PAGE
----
Why use fork()? What is the merit of fork() approach?

I don't know. On Windows you can't use fork anyway and we have to figure out an alternative way. Maybe he explains it in his thesis, but it's only available in Spanish: http://www.llucax.com.ar/proj/dgc/index.html

Thanks for the link! But, I didn't read Spanish...
Jul 19 2011
prev sibling next sibling parent "Robert Jacques" <sandford jhu.edu> writes:
On Tue, 19 Jul 2011 10:19:09 -0400, Masahiro Nakagawa <repeatedly gmail.com>
wrote:

 On Tue, 19 Jul 2011 22:57:47 +0900, Trass3r <un known.com> wrote:

 I am interested in Concurrent GC.

 But, I have a question about CDGC.
 AFAIK, other language runtimes use thread for concurrent processing.
 Why use fork()? What is the merit of fork() approach?

I don't know. On Windows you can't use fork anyway and we have to figure out an alternative way. Maybe he explains it in his thesis, but it's only available in Spanish: http://www.llucax.com.ar/proj/dgc/index.html

Thanks for the link! But, I didn't read Spanish...

He explains a lot of it in his blog. CDGC is an example of a snapshot GC. In short, when a collection is triggered, a snapshot of the program's entire memory subsystem is created. The GC can then trace using this snapshot without having to worry about program writes, etc, messing it up. When finished, it passes back to the main program what objects are garbage and the snapshot is discarded. Now, a userland implementation of this is horribly inefficient, so CDGC uses fork to leverage the OS's ability to do copy-on-write at the page level. I believe CDGC also uses a memory mapped file for the GC's meta info, to avoid the update message passing overhead. While Windows does support allocating memory in a COW manner, there's no way to do add this dynamically to an existing page. Windows does support page-level write tracking (since 2K SP3), which is very useful for incremental GC. i.e. the GC can use OS to only trace through modified pages. There are two other alternative, modern GCs that I know of which fit system programming languages like D. One used a kernel patch to trap hardware writes efficiently, allowing one to bolt a traditional concurrent GC onto a system's language. Which, while cool, isn't practical until OS APIs support it out of the box. The other is thread-local GCs, which according to Apple, have roughly equivalent performance to existing concurrent GCs. Given shared and immutable, thread-local GC's make a lot of sense for D and can be combined with other concurrent options should they be/become available.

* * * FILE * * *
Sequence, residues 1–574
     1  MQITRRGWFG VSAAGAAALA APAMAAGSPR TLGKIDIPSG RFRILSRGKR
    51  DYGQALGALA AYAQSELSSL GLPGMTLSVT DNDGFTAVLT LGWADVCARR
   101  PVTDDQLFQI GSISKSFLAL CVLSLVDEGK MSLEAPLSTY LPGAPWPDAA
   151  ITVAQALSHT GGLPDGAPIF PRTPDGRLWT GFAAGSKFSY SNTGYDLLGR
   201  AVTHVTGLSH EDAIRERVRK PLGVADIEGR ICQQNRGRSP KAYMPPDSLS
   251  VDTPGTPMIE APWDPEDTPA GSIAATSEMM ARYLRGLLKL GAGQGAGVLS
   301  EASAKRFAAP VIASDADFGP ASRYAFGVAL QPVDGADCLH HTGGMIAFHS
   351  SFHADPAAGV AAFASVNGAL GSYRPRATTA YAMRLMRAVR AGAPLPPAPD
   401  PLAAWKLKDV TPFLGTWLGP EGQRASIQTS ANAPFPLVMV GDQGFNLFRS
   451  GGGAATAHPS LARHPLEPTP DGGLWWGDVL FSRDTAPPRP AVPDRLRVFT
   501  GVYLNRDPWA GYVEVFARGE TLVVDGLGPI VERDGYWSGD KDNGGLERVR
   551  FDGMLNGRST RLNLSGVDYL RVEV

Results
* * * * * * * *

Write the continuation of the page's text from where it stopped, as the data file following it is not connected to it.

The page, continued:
Jul 19 2011
prev sibling next sibling parent "Masahiro Nakagawa" <repeatedly gmail.com> writes:
On Wed, 20 Jul 2011 00:25:58 +0900, Robert Jacques <sandford jhu.edu>  
wrote:

 On Tue, 19 Jul 2011 10:19:09 -0400, Masahiro Nakagawa  
 <repeatedly gmail.com> wrote:

 On Tue, 19 Jul 2011 22:57:47 +0900, Trass3r <un known.com> wrote:

 I am interested in Concurrent GC.

 But, I have a question about CDGC.
 AFAIK, other language runtimes use thread for concurrent processing.
 Why use fork()? What is the merit of fork() approach?

I don't know. On Windows you can't use fork anyway and we have to figure out an alternative way. Maybe he explains it in his thesis, but it's only available in Spanish: http://www.llucax.com.ar/proj/dgc/index.html

Thanks for the link! But, I didn't read Spanish...

snapshot GC

I have heard this by "A Real-Time Garbage Collection for Java using Snapshot Algorithm". I understand a basic mechanism(above article uses a thread instead of fork()). Hmm... I want to see a comparison of fork() and thread.